Should Scarlett Johansson have thought twice before endorsing Sodastream while knowingly supporting Oxfam ? Probably, or she should have sought advice from a good PR practitioner beforehand. The power activists have today over organisations and their management decisions is not to be taken lightly. In their article Fringe public relations: How activism moves critical pr toward the mainstream’, Coombs and Holladay declare that ‘the activists act as the antithesis to the organization’s thesis. Synthesis occurs when the organization considers the needs of the activists.’ In that case, that’s exactly what happened to poor Scarlett, when Oxfam decided to push her towards the exit after activists’ criticism became louder and louder. However, instead of apologising, Scarlett Johansson chose to stand by her choice, resisting to the pressure. Bold move ? Certainly, but from a PR point of view, Miss Johansson should be careful when show business gets mixed with politics, as her reputation might take a big hit from this controversy, especially at a time when Israel and Palestine are conducting US-backed peace talks.

Bonus :

A recent video where Charlie Brooker’s Weekly Wipe demolishes Scarlett Johansson’s support for Sodastream. Quite funny.

Source :


Further Reading :

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One of Amazon’s warehouses

After the recent accusations Amazon faced concerning their working conditions, it has been very surprising not to hear them comment more on the matter. In fact, they are even trying to shift the attention of the media on their other recent achievements and innovations. Good PR strategy ?

As a great fan of cinema, music and literature, I have always been eager to find retailers that have the best offer. When was launched and soon became the number one online retailer for almost every sort of item, from CDs and DVDs to clothes and computer accessories, people discovered a new way to shop. Fast, easy and cheap.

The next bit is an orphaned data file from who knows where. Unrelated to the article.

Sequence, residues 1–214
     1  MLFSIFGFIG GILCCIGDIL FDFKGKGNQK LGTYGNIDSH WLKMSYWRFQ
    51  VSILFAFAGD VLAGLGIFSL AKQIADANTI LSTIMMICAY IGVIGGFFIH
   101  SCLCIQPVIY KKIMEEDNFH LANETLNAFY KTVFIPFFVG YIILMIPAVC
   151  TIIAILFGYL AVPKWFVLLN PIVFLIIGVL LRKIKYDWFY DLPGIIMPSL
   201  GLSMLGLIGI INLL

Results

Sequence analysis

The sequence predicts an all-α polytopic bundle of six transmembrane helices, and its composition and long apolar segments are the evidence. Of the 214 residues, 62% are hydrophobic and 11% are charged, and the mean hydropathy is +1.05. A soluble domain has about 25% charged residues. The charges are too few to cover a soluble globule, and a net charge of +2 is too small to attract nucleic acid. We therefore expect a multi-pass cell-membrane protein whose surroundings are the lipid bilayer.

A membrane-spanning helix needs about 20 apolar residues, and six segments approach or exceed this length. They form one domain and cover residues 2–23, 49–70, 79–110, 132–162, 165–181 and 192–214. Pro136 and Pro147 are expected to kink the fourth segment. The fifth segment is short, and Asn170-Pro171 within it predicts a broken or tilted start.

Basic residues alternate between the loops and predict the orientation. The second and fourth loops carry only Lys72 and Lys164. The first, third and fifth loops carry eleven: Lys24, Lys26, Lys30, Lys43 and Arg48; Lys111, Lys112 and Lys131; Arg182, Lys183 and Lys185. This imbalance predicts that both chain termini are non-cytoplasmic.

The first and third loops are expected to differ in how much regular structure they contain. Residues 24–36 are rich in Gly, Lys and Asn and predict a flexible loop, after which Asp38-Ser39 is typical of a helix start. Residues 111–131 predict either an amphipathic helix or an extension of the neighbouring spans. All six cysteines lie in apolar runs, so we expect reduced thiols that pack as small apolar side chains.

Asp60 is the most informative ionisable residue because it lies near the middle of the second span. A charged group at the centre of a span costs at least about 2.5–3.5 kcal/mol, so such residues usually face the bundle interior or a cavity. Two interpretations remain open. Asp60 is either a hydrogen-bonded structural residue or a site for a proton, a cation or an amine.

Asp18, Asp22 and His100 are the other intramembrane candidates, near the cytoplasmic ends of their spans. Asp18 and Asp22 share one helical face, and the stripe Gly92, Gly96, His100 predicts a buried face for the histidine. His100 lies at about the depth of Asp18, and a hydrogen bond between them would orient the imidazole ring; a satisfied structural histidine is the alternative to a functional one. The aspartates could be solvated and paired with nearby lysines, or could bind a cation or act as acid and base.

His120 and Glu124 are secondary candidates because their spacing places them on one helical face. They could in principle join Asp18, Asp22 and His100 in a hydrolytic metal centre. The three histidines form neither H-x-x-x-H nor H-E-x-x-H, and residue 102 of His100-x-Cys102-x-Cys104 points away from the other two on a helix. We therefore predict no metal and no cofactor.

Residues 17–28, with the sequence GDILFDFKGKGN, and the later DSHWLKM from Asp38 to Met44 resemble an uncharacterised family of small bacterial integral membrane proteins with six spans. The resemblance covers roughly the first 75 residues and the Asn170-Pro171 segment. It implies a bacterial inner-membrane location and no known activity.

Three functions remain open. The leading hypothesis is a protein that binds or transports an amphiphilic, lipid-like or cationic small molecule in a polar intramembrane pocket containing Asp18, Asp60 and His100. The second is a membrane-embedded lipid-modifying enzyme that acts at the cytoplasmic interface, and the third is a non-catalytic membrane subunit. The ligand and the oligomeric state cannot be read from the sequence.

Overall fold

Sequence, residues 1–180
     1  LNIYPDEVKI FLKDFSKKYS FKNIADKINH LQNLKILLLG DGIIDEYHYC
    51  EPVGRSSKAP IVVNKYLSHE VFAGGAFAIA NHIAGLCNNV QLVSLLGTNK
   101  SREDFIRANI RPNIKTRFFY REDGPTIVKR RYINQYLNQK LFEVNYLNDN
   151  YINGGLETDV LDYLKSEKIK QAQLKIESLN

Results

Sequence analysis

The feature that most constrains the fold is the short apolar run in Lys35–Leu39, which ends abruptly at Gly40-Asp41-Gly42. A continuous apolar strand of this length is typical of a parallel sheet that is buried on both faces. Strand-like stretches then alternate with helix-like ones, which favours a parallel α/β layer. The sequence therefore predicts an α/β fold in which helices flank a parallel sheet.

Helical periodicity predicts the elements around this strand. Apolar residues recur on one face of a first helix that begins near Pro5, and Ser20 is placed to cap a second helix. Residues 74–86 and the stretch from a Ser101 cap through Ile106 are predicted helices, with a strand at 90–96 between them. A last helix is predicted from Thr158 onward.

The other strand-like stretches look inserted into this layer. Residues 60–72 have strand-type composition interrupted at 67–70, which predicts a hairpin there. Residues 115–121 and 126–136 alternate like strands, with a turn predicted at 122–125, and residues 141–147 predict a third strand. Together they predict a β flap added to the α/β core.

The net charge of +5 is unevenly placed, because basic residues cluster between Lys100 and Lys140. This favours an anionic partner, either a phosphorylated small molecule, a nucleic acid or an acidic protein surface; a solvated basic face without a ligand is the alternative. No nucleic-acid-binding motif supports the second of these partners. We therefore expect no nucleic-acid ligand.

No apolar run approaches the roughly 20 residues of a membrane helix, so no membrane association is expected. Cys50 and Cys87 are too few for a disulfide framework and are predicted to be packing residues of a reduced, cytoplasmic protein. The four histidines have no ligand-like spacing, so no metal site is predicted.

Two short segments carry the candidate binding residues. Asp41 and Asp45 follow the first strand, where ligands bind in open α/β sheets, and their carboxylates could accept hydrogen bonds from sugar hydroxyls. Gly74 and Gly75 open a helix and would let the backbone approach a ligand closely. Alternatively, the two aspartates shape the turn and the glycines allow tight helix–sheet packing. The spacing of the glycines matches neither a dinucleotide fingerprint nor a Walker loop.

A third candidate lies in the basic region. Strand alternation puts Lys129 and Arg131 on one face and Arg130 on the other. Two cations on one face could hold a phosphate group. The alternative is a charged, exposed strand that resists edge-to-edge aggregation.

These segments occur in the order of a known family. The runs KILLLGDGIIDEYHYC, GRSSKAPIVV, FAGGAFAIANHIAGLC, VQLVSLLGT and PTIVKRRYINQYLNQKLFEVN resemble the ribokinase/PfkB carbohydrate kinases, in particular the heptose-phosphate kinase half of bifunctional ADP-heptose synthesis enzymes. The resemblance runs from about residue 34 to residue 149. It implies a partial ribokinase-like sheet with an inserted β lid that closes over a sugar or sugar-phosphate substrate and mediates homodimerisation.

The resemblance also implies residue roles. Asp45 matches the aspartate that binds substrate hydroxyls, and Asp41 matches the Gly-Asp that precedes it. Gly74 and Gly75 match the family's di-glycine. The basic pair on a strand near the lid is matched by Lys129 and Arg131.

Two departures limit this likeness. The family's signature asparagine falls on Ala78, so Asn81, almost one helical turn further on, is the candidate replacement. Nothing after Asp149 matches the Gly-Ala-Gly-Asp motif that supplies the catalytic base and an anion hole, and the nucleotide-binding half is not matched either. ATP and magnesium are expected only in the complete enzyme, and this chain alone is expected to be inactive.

Born in 1995, almost twenty years ago, the Internet giant had one of the fastest growth in Internet’s history, reaching $2,8bn of revenues within 5 years. Amazon has 51,300 employees, 13 times more than Facebook and they have an annual revenue of $48bn, 27% more than Google, to mention a few figures that undoubtedly prove that Amazon has become one of Internet’s biggest corporation (source :
Amazon describes the vision of their business as to : “Relentlessly focus on customer experience by offering our customers low prices, convenience, and a wide selection of merchandise.” Their vision is to offer “Earth’s biggest selection and to be Earth’s most customer-centric company.”


As for customer’s loyalty, there is no doubt that Amazon has achieved that and that it is the key to their worldwide success. But recently, the innovative business has been strongly criticised in several countries, including the United Kingdom, France and Germany.

The first time I heard about the working conditions at Amazon was during the interview of a French journalist, Jean-Baptiste Malet, in the talk show ‘Le Grand Journal’, who was talking about his experience as an Amazon employee. He wrote a book documenting his experience and how Amazon treat their employees and it is not a pretty image. Not long after that, Amazon workers went on strike in Germany, focusing on the issues of on-the-job injuries and mistreatment. Surprisingly enough, Amazon Germany executives then laid off hundreds of employees two days before Christmas. In the United Kingdom, unionshave criticised Amazon’s working conditions, claiming that the giant treats its employees like ‘robots with no say’ (source : The BBC even secretly videotaped one of Amazon’s UK-based warehouse and found that the working conditions are so bad that a stress expert said it could cause ‘mental and physical illness’ (source :

But the question here is : what does Amazon have to say about all those accusations ?
Well, as for now, not much. After the BBC broadcast its Panorama documentary called ‘Amazon: The Truth Behind the Click’, a spokesperson insisted that the company sought expert advice to make sure the shifts ‘comply with all legal requirement’, adding that ‘together we’re working hard to make sure we’re better tomorrow than we were today” and insisting on their employees’ well-being as their number one priority.

Amazon - copie

Screenshot of results on Mashable for Amazon

I’m not sure that this statement convinced many people after journalists from many countries (France, the UK, Germany and even the US) all agreed on the poor working conditions at Amazon’s warehouses, having experienced it themselves on the field. Today, it doesn’t seem like Amazon is really worried about its reputation as they still hit the headlines with their new innovative shipping techniques and other drone-controlled fantasy deliveries.

Or is it actually their PR strategy to try and shape the news to their advantage in order to make people forget about the scandals that are hitting them ?

It may seem like an effective strategy for now, but in the long run, people will start questioning Amazon’s practices again and there will come a time when they will have to give real answers and even start changing their behaviour. They’d better start looking for a good PR agency right now.

Sources :

Further Reading :

Malet, JB (2013) En Amazonie. Infiltré dans le meilleur des mondes. Ed Fayard, Paris.